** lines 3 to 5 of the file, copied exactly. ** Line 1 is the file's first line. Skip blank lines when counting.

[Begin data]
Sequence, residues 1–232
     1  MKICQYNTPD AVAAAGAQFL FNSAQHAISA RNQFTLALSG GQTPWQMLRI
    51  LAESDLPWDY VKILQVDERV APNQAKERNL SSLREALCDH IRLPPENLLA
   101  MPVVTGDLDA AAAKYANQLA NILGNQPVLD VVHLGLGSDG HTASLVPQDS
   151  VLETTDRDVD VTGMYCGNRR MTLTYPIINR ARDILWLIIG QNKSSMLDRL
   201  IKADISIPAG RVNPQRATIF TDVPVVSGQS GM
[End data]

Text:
    51  LAESDLPWDY VKILQVDERV APNQAKERNL SSLREALCDH IRLPPENLLA
   101  MPVVTGDLDA AAAKYANQLA NILGNQPVLD VVHLGLGSDG HTASLVPQDS
   151  VLETTDRDVD VTGMYCGNRR MTLTYPIINR ARDILWLIIG QNKSSMLDRL